Our ‘Notes for Women’ concert at St George’s Bristol on 28th April will include Isabella Leonarda’s Sonata Duodecima, believed to be the first violin sonata composed by a woman.  The name simply means ‘twelfth sonata’ and is the last, and most harmonically advanced, of a set published in 1693 (the first eleven sonatas are for two violins and continuo).  It is divided into seven sections. We will be playing one of the two-violin sonatas (Op.16 No.1) at Henleaze on 3rd November and at Nailsworth on 18th November.


Anna Isabella Leonardi (she later swapped the ‘i’ for an ‘a’) was born in 1620 in Novara, 40km west of Milan, to the lawyer Giannantonio Leonardi and his wife Apollonia, members of a prominent Novarese family.  Little is known about her early life.  At age 16 she entered the Collegio di Sant’Orsola, an Ursuline convent, where she remained for the rest of her life.  Her family were benefactors to the convent, which perhaps contributed to Isabella’s influence there.  In 1658, aged 38, she is mentioned as being a music instructor, and during her life she took on many of the roles and positions of authority within the convent, including mother superior and ‘counsellor’.  It is possible that she studied with composer Gasparo Casati, who was maestro di cappella of Novara Cathedral around the time that Isabella entered the convent.  He included two of her compositions in a book of music he published in 1640.

Although she probably composed music throughout her life, all of her publications (other than those in Casati’s collection) came after Isabella was fifty in 1670, and continued until 1700, four years before her death at the age of 84.  She noted in one of her dedications that she only wrote music during time allotted for rest, so as not to neglect her other duties within the convent, so it is possible that she was able to find more time for composition during her later years.  Although she was highly regarded in Novara, it appears that Isabella was little known elsewhere, and there is no evidence that she was known as a singer or instrumentalist.

Isabella was a prolific and skilful composer, writing around 200 compositions, primarily of sacred music (including masses, psalm settings and motets), often for various combinations of voices plus organ, although she included instrumental sections in some of her works.  Almost all of her publications are dedicated both to the Virgin Mary and to an influential living person (including the archbishop of Milan, the bishop of Novara, and the Holy Roman Emperor Leopold I), probably as a way of seeking financial support for the convent.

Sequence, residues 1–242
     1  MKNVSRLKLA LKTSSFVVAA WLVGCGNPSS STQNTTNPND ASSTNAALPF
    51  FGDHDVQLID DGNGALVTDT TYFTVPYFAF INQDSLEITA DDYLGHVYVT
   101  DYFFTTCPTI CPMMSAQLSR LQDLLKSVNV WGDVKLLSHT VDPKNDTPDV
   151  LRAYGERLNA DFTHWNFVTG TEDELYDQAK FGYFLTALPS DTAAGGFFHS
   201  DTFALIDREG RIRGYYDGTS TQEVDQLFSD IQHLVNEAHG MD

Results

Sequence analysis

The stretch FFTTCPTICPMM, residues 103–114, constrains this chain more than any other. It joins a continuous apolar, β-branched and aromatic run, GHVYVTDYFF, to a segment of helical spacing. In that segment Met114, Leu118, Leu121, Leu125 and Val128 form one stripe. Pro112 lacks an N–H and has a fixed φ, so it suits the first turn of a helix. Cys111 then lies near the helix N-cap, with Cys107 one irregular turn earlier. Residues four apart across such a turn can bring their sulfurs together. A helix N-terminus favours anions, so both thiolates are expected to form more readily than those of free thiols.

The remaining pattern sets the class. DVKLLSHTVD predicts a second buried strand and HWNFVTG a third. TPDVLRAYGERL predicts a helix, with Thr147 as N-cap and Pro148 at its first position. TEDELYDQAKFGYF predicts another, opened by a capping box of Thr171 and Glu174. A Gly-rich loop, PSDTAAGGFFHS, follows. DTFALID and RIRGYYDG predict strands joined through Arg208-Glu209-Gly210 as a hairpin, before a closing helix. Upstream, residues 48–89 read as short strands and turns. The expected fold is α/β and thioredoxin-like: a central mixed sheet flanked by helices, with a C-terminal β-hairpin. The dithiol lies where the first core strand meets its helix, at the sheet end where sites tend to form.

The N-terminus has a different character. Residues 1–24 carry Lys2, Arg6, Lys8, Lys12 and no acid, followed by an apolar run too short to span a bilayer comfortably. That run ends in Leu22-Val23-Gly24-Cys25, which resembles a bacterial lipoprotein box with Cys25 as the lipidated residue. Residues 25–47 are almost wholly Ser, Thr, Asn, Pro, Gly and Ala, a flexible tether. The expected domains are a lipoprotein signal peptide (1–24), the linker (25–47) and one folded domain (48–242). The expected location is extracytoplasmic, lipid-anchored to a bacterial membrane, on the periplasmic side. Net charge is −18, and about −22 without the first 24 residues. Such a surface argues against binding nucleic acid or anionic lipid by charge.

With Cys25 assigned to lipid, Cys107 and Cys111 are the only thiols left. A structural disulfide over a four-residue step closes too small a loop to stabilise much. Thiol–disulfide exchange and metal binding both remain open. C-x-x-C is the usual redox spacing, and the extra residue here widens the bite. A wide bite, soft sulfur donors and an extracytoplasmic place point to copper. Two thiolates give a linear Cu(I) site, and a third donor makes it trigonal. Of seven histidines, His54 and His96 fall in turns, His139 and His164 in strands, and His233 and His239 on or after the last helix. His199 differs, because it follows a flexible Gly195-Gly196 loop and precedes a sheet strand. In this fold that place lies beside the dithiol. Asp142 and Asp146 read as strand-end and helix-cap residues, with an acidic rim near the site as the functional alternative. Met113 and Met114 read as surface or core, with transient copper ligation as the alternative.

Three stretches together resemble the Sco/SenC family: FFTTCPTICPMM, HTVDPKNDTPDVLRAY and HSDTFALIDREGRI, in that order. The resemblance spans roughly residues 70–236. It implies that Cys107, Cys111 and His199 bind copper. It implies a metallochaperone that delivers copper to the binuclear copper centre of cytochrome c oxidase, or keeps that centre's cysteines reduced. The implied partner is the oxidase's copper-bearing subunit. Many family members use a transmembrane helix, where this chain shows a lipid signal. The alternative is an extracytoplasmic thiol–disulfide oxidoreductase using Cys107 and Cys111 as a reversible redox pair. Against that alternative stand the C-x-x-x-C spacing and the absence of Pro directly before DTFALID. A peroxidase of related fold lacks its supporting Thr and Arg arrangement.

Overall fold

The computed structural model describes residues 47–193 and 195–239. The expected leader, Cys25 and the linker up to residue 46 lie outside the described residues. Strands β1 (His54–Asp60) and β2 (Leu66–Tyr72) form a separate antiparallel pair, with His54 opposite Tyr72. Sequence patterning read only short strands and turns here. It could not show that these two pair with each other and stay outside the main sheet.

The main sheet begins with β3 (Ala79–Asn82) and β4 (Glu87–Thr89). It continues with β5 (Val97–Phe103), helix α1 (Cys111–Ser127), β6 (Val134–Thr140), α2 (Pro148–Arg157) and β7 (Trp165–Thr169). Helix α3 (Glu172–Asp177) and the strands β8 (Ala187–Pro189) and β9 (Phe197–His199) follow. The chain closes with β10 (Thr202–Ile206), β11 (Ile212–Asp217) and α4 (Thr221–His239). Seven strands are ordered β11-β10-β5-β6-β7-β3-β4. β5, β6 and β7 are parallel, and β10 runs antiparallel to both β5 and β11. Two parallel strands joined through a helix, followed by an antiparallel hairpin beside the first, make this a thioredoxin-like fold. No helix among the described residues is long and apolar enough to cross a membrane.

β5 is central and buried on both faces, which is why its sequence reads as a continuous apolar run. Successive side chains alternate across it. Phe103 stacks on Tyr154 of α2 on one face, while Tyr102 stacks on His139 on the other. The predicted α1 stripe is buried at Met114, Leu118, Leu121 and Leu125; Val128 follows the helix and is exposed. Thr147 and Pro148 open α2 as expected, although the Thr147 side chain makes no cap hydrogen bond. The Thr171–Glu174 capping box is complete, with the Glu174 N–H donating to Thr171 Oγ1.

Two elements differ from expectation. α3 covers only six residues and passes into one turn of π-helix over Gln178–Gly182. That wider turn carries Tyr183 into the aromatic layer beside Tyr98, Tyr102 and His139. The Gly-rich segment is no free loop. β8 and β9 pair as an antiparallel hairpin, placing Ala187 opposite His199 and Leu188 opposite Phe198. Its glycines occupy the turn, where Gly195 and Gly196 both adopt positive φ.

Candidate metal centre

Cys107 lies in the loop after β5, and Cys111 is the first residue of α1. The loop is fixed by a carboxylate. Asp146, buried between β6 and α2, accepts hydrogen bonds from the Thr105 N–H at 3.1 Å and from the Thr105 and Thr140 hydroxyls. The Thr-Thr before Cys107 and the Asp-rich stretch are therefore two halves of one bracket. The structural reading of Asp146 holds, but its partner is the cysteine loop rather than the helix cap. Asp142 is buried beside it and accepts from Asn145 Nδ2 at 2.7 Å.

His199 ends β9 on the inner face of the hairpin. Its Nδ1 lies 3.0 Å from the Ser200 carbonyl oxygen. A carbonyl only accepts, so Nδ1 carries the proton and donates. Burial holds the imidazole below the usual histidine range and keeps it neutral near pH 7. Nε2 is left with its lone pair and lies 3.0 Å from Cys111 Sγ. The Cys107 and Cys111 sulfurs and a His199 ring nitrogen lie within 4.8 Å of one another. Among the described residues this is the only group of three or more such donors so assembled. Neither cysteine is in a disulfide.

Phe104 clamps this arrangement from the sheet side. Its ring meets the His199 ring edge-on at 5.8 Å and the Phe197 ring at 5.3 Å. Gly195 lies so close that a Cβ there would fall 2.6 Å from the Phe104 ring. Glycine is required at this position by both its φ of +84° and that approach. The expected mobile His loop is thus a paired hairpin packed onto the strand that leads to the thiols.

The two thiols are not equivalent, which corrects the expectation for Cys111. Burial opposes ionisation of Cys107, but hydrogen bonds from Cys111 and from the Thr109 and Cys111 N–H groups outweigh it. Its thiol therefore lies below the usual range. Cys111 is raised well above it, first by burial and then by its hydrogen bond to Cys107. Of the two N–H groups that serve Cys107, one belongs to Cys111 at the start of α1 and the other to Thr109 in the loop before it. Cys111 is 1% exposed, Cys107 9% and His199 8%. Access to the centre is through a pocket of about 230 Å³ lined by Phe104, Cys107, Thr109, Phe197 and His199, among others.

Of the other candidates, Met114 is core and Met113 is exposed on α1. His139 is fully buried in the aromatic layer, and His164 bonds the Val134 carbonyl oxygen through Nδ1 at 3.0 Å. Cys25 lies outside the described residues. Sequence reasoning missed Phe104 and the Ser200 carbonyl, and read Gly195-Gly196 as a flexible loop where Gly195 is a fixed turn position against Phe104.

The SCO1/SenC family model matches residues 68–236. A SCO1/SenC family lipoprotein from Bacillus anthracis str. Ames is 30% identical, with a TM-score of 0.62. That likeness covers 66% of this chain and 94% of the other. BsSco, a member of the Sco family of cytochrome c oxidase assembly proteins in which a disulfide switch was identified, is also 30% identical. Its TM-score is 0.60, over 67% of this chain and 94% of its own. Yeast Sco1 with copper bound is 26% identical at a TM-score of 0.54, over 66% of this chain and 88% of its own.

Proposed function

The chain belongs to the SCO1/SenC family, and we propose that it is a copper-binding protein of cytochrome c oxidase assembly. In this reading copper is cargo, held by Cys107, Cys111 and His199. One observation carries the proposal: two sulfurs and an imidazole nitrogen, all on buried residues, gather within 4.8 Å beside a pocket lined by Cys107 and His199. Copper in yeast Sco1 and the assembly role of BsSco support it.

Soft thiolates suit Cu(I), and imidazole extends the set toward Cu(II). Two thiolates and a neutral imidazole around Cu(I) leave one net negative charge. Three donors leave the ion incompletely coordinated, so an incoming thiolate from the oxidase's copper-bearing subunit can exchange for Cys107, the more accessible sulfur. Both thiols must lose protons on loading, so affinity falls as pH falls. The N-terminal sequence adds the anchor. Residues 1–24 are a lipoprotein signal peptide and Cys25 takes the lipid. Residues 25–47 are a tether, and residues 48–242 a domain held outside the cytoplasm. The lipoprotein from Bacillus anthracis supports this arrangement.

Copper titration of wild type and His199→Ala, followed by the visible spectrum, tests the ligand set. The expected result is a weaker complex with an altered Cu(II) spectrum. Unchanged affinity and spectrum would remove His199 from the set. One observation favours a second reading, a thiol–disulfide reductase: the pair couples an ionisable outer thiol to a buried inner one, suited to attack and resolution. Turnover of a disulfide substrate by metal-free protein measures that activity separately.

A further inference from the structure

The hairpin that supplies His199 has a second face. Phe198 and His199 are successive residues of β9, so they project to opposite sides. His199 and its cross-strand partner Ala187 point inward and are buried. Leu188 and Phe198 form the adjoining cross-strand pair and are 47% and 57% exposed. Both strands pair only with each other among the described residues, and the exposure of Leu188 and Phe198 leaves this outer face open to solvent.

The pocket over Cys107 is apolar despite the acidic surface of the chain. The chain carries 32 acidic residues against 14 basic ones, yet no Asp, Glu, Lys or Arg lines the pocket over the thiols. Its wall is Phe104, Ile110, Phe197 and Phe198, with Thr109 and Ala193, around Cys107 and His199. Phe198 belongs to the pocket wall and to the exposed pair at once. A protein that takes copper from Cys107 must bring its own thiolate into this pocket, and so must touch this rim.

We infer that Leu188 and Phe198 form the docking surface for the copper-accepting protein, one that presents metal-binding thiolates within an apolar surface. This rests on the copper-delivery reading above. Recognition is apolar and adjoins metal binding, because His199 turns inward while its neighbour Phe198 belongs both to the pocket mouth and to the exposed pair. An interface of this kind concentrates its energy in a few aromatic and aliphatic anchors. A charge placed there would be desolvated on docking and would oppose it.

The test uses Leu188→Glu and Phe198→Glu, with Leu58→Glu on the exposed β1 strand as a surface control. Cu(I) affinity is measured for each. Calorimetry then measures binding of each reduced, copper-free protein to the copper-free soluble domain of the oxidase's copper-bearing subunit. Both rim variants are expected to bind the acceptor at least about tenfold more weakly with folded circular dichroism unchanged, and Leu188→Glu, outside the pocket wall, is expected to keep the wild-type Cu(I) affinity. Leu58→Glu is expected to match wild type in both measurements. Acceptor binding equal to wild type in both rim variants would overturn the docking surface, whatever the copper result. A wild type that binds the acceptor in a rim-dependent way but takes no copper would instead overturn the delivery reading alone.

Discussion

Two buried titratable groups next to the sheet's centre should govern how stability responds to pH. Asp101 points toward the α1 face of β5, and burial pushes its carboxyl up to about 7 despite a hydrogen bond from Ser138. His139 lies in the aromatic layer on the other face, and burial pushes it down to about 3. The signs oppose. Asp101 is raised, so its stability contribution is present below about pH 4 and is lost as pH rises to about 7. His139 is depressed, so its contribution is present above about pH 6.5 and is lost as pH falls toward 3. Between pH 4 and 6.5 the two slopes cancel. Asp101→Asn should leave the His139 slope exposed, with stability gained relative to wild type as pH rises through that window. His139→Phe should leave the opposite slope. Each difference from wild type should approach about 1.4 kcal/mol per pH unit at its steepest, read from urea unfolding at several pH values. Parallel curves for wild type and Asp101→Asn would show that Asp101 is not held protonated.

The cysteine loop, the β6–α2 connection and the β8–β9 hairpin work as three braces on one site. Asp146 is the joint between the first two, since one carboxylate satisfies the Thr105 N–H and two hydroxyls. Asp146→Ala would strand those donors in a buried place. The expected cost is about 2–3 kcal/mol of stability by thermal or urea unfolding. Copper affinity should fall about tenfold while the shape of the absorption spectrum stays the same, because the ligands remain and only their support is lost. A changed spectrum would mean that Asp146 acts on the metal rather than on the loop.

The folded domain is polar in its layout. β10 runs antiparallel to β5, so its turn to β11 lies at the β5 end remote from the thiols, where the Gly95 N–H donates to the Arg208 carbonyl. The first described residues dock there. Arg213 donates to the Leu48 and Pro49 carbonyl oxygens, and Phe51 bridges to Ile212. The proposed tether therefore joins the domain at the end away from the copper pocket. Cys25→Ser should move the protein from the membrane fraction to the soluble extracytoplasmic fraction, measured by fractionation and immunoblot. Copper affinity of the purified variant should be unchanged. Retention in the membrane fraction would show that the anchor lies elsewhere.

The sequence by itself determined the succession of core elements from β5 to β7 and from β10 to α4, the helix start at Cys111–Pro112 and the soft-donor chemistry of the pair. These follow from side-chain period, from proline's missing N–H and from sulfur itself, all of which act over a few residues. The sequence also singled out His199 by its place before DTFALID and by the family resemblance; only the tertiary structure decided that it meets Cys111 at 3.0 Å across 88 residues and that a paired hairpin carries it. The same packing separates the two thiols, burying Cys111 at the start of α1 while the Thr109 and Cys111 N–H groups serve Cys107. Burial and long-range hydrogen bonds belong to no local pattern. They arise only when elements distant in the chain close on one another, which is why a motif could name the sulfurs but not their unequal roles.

The Opus 16 sonatas are believed to be the earliest instrumental sonatas to have been published by a female composer. They were published in 1693, when Isabella was 73, but had probably been composed earlier in her life.

The beginning of the Sonata Duodecima from the 1693 first edition

The first edition is an example of music printing using moveable type, where each note and its block of staff lines is printed from an individual block of metal type, with the rows for each page being assembled by the printer from the appropriate combination of blocks. This was a quick and cheap way of printing music in relatively short runs. However, it can be quite difficult to read, and does not allow for beams across notes and some other notational features (although sometimes these were added by hand). The more flexible and elegant (though expensive) technique of music engraving had already been in used for 100 years by the time Leonarda’s sonatas were published, so the fact that they were printed in this way indicates the publication’s relatively lowly status and the limited budget for its production.

It is a shame that Isabella Leonarda’s music is not better known. We’ll leave the last word to the theorist and music collector Sébastian de Brossard, who in 1724 wrote of her that “all of the works of this illustrious and incomparable composer are so beautiful, so gracious, so brilliant and at the same time so knowledgeable and so wise, that my great regret is in not having them all.”